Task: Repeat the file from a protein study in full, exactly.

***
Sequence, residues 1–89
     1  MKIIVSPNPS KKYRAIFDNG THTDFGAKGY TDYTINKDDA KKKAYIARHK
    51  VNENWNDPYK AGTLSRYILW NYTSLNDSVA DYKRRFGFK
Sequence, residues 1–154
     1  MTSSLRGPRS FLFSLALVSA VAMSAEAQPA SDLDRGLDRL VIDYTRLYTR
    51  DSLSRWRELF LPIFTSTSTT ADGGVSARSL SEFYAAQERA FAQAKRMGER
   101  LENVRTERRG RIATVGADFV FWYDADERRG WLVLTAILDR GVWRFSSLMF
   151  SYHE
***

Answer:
Sequence, residues 1–89
     1  MKIIVSPNPS KKYRAIFDNG THTDFGAKGY TDYTINKDDA KKKAYIARHK
    51  VNENWNDPYK AGTLSRYILW NYTSLNDSVA DYKRRFGFK
Sequence, residues 1–154
     1  MTSSLRGPRS FLFSLALVSA VAMSAEAQPA SDLDRGLDRL VIDYTRLYTR
    51  DSLSRWRELF LPIFTSTSTT ADGGVSARSL SEFYAAQERA FAQAKRMGER
   101  LENVRTERRG RIATVGADFV FWYDADERRG WLVLTAILDR GVWRFSSLMF
   151  SYHE